OPEN(5)                                                   OPEN(5)

          open, create - prepare a fid for I/O on an existing or new

          size[4] Topen tag[2] fid[4] mode[1]
          size[4] Ropen tag[2] qid[13] iounit[4]

          size[4] Tcreate tag[2] fid[4] name[s] perm[4] mode[1]
          size[4] Rcreate tag[2] qid[13] iounit[4]

          The open request asks the file server to check permissions
          and prepare a fid for I/O with subsequent read and write
          messages.  The mode field determines the type of I/O: 0
          (called OREAD in <libc.h>), 1 (OWRITE), 2 (ORDWR), and 3
          (OEXEC) mean read access, write access, read and write
          access, and execute access, to be checked against the per-
          missions for the file.  In addition, if mode has the OTRUNC
          (0x10) bit set, the file is to be truncated, which requires
          write permission (if the file is append-only, and permission
          is granted, the open succeeds but the file will not be trun-
          cated); if the mode has the ORCLOSE (0x40) bit set, the file
          is to be removed when the fid is clunked, which requires
          permission to remove the file from its directory.  All other
          bits in mode should be zero.  It is illegal to write a
          directory, truncate it, or attempt to remove it on close.
          If the file is marked for exclusive use (see stat(5)), only
          one client can have the file open at any time.  That is,
          after such a file has been opened, further opens will fail
          until fid has been clunked.  All these permissions are
          checked at the time of the open request; subsequent changes
          to the permissions of files do not affect the ability to
          read, write, or remove an open file.

          The create request asks the file server to create a new file
          with the name supplied, in the directory (dir) represented
          by fid, and requires write permission in the directory.  The
          owner of the file is the implied user id of the request, the
          group of the file is the same as dir, and the permissions
          are the value of
                    perm & (~0666 | (dir.perm & 0666))
          if a regular file is being created and
                    perm & (~0777 | (dir.perm & 0777))
          if a directory is being created.  This means, for example,
          that if the create allows read permission to others, but the
          containing directory does not, then the created file will
          not allow others to read the file.

          Finally, the newly created file is opened according to mode,

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     OPEN(5)                                                   OPEN(5)

          and fid will represent the newly opened file.  Mode is not
          checked against the permissions in perm. The qid for the new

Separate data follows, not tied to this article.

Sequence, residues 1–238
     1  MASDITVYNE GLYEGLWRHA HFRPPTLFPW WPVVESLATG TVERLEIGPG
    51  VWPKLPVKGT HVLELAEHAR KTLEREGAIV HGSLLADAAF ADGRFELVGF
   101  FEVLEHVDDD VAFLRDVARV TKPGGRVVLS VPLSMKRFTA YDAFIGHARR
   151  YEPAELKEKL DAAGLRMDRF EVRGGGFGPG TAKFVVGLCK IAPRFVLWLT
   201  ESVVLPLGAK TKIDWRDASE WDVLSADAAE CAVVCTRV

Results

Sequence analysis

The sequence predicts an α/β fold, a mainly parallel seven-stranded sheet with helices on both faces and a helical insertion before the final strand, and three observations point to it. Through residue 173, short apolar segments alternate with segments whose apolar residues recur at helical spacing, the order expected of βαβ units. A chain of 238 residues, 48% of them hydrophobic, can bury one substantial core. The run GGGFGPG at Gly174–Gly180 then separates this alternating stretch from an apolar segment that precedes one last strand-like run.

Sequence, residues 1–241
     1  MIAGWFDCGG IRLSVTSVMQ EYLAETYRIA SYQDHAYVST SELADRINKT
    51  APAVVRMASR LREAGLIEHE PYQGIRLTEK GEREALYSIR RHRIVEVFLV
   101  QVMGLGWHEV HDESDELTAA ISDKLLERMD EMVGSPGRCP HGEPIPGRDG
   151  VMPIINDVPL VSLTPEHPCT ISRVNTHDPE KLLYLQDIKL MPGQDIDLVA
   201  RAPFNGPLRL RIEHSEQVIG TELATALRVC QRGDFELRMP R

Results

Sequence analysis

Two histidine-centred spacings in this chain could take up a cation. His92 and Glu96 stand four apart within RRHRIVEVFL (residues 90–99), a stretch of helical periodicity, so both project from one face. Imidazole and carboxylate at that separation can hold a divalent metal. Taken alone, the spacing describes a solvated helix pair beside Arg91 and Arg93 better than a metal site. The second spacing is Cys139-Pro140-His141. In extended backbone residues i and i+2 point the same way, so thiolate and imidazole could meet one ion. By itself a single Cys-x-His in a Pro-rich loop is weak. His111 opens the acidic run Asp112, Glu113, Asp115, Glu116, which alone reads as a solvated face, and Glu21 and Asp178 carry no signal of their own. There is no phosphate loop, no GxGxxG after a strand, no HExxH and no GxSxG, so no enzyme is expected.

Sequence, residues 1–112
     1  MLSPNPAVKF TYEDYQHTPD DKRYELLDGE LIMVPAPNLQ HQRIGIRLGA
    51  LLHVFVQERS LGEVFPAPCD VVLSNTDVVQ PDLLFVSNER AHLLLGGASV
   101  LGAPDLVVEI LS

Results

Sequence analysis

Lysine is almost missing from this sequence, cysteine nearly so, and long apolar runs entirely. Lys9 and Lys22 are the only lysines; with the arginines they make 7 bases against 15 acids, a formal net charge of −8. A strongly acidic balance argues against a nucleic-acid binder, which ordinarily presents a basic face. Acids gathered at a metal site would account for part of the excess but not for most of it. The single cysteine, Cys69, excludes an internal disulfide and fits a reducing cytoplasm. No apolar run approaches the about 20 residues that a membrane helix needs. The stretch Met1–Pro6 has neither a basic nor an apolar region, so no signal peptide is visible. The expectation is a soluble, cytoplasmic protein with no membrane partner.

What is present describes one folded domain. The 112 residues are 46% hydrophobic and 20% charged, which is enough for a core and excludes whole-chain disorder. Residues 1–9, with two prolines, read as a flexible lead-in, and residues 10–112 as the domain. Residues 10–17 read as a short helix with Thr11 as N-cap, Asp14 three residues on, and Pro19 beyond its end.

file is returned with the create reply message.

          Directories are created by setting the DMDIR bit
          (0x80000000) in the perm.

          The names . and .. are special; it is illegal to create
          files with these names.

          It is an error for either of these messages if the fid is
          already the product of a successful open or create message.

          An attempt to create a file in a directory where the given
          name already exists will be rejected; in this case, the
          create system call (see open(2)) uses open with truncation.
          The algorithm used by the create system call is: first walk
          to the directory to contain the file.  If that fails, return
          an error.  Next walk to the specified file.  If the walk
          succeeds, send a request to open and truncate the file and
          return the result, successful or not.  If the walk fails,
          send a create message.  If that fails, it may be because the
          file was created by another process after the previous walk
          failed, so (once) try the walk and open again.

          For the behavior of create on a union directory, see

          The iounit field returned by open and create may be zero.
          If it is not, it is the maximum number of bytes that are
          guaranteed to be read from or written to the file without
          breaking the I/O transfer into multiple 9P messages; see

          Open and create both generate open messages; only create
          generates a create message.  The iounit associated with an
          open file may be discovered by calling iounit(2).

          For programs that need atomic file creation, without the
          race that exists in the open-create sequence described
          above, the kernel does the following.  If the OEXCL (0x1000)
          bit is set in the mode for a create system call, the open
          message is not sent; the kernel issues only the create.
          Thus, if the file exists, create will draw an error, but if
          it doesn't and the create system call succeeds, the process
          issuing the create is guaranteed to be the one that created
          the file.

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